In gaining further insight into the strength and likely sustainability of the recoveries, it is also important to look at other survey indices as well as output. In particular, we look at employment and backlogs of work, the latter providing a useful guide to the extent to which companies are struggling (or not) with recent changes in demand.

Encouragingly, employment rose marginally across the G4 economies as a whole for a second month running in September, contrasting with the steep loss of jobs seen between March and July. This stabilisation of the workforce coincided with a steadying of backlogs of work during the month. In prior months, backlogs had fallen as firms often kept current operating capacity fully utilised only by eating into previously placed work.

Again, however, divergences were important to note within the G4 economies. Rising employment was only evident in the US, which was also the only major economy to see backlogs of work increase to any significant extent. These gains hint that the US upturn appears to have longer legs than other G4 economies.

While the UK has seen the strongest output growth, concerns are raised by a further steep loss of jobs during September, as companies reported the need to scale back capacity and overheads. A steadying of backlogs of work in the UK bodes well for job losses to hopefully moderate in coming months, though much will depend on whether the government halts its furlough scheme as planned at the end of October.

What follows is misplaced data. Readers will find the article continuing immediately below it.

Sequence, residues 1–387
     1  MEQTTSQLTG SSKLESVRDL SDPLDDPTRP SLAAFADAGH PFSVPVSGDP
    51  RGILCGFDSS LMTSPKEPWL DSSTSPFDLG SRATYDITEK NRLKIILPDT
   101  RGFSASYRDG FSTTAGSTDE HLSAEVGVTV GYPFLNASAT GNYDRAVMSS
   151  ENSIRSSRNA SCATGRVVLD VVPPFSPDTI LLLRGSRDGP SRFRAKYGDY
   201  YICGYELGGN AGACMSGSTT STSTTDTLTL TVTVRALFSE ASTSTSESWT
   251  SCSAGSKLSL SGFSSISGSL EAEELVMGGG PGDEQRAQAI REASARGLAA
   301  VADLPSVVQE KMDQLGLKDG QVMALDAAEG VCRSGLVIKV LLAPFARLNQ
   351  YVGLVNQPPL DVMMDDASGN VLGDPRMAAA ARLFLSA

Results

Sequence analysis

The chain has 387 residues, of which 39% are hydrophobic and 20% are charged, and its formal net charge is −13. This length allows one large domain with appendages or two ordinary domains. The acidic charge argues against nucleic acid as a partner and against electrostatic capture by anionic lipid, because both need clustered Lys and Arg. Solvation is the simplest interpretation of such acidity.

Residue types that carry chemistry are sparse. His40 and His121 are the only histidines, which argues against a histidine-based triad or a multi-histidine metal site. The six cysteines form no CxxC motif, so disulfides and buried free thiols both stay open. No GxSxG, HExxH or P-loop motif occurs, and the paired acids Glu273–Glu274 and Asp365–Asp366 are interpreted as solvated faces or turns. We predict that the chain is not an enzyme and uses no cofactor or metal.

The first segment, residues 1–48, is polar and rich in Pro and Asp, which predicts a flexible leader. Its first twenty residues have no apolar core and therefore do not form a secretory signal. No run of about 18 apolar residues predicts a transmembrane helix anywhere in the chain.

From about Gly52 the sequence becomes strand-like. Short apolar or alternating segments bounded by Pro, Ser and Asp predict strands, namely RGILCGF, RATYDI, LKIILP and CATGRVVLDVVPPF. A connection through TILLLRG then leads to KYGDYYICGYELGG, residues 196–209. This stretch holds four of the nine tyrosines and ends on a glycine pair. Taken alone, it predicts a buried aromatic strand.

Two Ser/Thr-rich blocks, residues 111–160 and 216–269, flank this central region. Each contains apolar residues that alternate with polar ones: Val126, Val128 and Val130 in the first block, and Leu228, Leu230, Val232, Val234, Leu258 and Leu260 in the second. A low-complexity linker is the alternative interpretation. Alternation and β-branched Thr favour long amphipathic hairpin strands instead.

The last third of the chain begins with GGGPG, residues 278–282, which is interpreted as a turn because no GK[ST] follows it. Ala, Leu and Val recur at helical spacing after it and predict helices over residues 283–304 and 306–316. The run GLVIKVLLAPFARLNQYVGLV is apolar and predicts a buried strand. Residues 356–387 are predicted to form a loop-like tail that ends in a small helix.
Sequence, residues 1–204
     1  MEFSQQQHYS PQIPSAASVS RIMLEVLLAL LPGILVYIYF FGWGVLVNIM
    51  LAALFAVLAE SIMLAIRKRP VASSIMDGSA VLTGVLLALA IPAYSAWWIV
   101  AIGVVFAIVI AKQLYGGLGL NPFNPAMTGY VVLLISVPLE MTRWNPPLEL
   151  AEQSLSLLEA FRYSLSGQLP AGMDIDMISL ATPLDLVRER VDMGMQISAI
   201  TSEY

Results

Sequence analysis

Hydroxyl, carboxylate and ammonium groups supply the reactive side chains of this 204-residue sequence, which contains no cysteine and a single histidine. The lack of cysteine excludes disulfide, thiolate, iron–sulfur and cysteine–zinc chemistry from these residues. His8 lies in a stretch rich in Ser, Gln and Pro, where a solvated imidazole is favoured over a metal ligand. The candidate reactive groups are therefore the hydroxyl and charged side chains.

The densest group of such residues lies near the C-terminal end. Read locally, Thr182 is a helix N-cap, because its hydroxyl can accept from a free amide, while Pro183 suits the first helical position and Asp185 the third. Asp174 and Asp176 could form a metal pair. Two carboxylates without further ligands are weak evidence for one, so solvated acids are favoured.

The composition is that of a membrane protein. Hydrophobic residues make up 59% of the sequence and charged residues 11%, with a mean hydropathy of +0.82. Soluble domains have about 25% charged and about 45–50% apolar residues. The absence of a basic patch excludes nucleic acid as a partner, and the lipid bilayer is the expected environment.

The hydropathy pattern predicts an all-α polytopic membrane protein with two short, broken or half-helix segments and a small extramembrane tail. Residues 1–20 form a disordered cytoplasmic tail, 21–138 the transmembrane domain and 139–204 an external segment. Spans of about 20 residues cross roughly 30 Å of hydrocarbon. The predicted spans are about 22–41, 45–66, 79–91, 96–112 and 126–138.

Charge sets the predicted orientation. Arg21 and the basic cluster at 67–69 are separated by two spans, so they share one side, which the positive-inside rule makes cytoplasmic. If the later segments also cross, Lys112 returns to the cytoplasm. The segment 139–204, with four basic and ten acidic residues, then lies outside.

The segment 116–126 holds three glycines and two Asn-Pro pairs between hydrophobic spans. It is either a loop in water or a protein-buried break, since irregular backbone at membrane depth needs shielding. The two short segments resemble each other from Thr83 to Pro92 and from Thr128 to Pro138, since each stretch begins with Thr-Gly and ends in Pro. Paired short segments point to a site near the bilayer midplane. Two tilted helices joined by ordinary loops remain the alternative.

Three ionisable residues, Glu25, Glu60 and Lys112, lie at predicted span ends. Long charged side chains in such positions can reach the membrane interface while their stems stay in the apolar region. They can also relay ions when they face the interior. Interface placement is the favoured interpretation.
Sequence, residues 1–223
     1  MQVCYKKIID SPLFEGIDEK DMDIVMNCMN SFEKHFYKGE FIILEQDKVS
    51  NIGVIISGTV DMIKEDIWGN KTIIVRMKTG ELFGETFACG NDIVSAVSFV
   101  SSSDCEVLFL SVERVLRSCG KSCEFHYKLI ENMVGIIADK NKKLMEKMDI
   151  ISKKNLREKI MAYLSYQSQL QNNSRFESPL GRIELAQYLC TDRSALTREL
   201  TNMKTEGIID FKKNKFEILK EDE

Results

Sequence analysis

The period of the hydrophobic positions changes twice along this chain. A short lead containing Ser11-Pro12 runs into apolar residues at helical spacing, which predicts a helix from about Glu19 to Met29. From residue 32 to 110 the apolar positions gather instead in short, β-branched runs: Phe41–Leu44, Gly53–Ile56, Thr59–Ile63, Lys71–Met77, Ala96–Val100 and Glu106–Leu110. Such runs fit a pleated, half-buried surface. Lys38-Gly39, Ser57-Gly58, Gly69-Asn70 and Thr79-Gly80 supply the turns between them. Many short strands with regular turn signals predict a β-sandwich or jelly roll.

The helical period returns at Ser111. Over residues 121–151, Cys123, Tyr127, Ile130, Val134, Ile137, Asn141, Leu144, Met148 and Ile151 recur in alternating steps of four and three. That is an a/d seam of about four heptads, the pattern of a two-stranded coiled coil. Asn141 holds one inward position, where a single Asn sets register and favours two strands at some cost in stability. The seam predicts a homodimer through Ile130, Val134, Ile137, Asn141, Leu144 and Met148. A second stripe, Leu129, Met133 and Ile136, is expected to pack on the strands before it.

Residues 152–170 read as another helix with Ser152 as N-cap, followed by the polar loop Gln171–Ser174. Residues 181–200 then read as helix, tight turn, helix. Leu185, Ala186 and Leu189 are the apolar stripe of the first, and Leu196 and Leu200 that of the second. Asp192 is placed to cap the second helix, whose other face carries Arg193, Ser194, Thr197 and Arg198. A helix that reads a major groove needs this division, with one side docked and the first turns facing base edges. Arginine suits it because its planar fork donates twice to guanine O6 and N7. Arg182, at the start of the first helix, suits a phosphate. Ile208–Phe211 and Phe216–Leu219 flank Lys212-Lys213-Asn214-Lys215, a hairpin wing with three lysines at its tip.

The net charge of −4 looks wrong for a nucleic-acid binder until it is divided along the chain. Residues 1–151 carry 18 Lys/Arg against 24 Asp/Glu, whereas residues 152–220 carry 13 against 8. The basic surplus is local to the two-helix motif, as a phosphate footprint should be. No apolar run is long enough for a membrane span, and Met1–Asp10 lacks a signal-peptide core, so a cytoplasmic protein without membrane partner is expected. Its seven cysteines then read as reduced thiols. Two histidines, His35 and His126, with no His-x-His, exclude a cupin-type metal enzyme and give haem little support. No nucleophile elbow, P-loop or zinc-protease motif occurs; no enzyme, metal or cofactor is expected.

Firms in Japan and the eurozone meanwhile saw backlogs of work and employment continue to fall, but rates of decline eased. As with the UK, these data hint that the worst of the job losses could be behind us, but much will naturally depend on the path of the virus in each country and the response in terms of virus containment measures and monetary and fiscal policy. In the US, the upcoming elections add an additional uncertainty to the outlook, while in the UK, Brexit poses an additional downside risk.